Tuesday, February 27, 2007

National and State News-Tuesday, Feb. 27th

BAGRAM, Afghanistan (AP) - It's not clear how many people died in a suicide attack outside a U-S base in Afghanistan. An Afghan official says 20 were killed but NATO says three died, including a U-S soldier. A-P reporters at the scene saw at least eight bodies. Vice President Cheney was at the base but he's fine.

WASHINGTON (AP) - A troubling new report to Congress on military readiness. The assessment from the chairman of the Joint Chiefs of Staff says a military taxed by wars in Iraq and Afghanistan might
not be able to quickly and fully respond in the event of another crisis.

TEHRAN, Iran (AP) - Despite the threat of further sanctions by the West, Iran's foreign minister says today that his country will never suspend uranium enrichment. That's something the U-S says is essential before any negotiations between Washington and Tehran over Iran's nuclear activities.

WEST PALM BEACH, Fla. (AP) - A three-member Florida appeals court will consider who should get custody of Anna Nicole Smith's body, almost three weeks after her death. Their decision means Smith's body can't yet be taken to the Bahamas for burial. Smith's mother wants her buried in Texas.

CHAPEL HILL, N.C. (AP) - It was all a hoax. Two North Carolina college students say they staged a Valentine's Day breakup that featured singers and hundreds of spectators. The fake breakup became an instant hit on the YouTube Internet site. Turns out the couple wasn't even dating.

PHILADELPHIA (AP) - A cadre of retired Philadelphia detectives brought flowers and a sense of regret to the grave of a small boy. Despite 50 years of sleuthing, the now white-haired men still don't know the child's name or that of his killer. But they maintain hope that police will someday identify the victim known as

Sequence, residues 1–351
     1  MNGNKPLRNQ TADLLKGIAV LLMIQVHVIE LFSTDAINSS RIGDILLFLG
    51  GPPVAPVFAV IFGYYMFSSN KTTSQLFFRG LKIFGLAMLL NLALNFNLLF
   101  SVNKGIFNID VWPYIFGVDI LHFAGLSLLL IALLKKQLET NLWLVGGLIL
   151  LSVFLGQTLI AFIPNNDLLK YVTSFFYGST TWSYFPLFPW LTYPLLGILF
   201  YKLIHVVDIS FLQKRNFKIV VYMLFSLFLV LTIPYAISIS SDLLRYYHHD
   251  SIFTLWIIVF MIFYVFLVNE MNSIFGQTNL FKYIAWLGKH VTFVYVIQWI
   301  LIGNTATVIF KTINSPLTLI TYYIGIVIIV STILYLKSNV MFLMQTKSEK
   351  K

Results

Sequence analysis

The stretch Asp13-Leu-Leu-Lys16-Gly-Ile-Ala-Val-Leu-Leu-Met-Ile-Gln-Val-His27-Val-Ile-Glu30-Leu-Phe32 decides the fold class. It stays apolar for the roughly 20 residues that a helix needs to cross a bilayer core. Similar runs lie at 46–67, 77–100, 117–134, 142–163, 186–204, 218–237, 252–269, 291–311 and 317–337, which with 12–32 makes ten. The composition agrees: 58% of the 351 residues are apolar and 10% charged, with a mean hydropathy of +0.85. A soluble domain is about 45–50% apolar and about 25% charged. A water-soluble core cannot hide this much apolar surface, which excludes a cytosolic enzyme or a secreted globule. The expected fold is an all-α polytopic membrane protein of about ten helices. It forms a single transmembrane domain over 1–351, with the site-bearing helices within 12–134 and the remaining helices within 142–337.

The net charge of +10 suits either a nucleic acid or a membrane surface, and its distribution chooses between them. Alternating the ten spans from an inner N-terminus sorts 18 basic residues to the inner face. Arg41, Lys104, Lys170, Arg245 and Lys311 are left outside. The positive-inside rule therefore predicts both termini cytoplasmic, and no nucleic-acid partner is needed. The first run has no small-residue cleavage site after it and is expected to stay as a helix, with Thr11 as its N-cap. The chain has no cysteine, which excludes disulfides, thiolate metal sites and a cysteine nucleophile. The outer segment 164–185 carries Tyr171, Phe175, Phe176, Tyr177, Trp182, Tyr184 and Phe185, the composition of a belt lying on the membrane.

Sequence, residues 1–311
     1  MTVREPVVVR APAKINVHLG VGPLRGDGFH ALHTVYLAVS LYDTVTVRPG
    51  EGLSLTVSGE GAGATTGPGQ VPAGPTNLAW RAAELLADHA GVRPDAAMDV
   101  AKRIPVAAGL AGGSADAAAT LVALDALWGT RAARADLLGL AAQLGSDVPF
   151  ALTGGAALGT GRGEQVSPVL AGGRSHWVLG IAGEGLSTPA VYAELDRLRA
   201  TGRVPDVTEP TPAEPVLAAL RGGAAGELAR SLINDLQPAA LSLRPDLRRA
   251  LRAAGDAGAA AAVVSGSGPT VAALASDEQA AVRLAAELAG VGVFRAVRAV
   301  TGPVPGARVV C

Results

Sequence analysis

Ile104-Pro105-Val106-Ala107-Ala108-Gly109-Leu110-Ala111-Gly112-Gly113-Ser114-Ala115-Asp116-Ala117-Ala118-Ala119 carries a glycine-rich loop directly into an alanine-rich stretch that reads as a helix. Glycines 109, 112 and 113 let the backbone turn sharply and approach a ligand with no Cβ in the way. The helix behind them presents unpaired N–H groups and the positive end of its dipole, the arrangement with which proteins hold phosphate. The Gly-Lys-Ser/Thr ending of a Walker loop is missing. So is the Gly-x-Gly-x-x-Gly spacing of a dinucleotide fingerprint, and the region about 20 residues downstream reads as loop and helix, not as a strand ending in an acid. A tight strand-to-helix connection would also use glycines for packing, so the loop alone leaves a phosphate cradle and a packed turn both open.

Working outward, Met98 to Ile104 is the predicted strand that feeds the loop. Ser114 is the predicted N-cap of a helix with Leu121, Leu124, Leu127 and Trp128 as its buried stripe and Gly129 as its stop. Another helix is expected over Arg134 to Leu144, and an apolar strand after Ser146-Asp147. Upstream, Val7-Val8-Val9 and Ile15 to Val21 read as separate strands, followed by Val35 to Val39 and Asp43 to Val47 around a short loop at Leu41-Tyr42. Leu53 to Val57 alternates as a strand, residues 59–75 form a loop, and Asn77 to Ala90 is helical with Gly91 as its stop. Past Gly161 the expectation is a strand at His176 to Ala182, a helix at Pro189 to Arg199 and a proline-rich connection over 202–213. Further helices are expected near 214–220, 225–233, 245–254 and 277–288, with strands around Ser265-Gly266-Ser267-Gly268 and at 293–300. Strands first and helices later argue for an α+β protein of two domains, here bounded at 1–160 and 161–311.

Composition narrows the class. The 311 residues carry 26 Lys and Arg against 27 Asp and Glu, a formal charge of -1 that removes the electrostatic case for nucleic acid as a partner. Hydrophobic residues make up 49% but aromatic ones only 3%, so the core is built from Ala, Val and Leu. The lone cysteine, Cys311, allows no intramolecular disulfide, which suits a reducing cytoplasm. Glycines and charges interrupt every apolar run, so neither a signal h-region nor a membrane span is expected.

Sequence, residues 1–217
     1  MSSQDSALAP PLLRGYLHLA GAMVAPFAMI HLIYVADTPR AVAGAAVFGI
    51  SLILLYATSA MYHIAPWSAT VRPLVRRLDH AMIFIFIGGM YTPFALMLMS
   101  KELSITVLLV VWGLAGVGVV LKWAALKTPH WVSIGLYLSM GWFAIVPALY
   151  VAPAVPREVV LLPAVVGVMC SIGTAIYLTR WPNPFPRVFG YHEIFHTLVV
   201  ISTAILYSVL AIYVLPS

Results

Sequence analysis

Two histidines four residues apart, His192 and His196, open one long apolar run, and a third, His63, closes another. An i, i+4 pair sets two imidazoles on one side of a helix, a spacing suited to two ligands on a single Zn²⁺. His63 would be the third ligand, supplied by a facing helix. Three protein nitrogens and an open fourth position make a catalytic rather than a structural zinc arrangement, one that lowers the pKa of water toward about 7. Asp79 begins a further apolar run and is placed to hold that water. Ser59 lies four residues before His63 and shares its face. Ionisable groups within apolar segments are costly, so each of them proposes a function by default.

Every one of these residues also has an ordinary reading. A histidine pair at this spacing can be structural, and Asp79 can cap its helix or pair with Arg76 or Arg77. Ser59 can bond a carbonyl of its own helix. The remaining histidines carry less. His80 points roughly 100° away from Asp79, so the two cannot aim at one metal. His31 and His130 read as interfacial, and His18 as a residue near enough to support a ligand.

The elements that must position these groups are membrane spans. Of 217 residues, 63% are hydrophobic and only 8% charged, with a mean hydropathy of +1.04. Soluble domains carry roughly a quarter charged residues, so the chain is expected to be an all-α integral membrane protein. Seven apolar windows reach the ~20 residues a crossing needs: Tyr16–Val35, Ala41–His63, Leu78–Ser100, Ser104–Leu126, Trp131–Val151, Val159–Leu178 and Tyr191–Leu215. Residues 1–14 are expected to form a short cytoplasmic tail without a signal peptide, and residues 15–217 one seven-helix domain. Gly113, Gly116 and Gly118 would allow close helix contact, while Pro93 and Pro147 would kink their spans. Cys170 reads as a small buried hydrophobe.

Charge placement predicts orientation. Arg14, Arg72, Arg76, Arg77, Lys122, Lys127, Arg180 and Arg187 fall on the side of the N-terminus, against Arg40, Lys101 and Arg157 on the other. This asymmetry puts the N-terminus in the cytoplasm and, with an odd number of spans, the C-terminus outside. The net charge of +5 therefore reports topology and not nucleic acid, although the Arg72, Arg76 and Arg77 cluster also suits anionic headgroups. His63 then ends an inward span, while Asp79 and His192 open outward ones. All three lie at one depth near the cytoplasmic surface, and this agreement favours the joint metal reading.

the "Boy in the Box." Officer Elmer Palmer found the body in a thicket in the city's Fox Chase section on February 25th, 1957. Palmer was answering a call about something, perhaps a doll, seen inside a discarded
bassinet box. He said at yesterday's service that realizing it was a person is "something you never forget."

PHILADELPHIA (AP) - A new report released says Philadelphia has improved in recent years because of a building boom and renewed optimism, but critical problems persist. The Pew Charitable Trusts report says Philadelphia's biggest problems are its high tax burden and lagging school test scores. Also, the city has declining numbers of people and jobs and an upswing in poverty levels and violent crime. However, it also pointed out successes. There's more optimism and activism by movers and shakers and an expansion of the
tax-abatement program that has fueled a building boom. There are also efforts by universities to improve their surrounding neighborhoods, and economic growth spurred by tourism and an improved airport.

FAIRLESS HILLS, Pa. (AP) - The 17-year-old Bucks County girl most seriously injured in a school bus crash last month has returned home from a hospital. That's according to the lawyer representing the family of Ashley Zauflik. She was initially discharged from the Hospital of the University of Pennsylvania on Wednesday but was readmitted Friday because of an intestinal blockage. Zauflik was the most seriously hurt of the 17 Pennsbury High School students injured when the parked bus suddenly accelerated into a crowd outside Pennsbury High School and then hit a retaining wall on Jan 12. The driver said he couldn't stop the bus. Her left leg was amputated to save her from a life-threatening bacterial infection.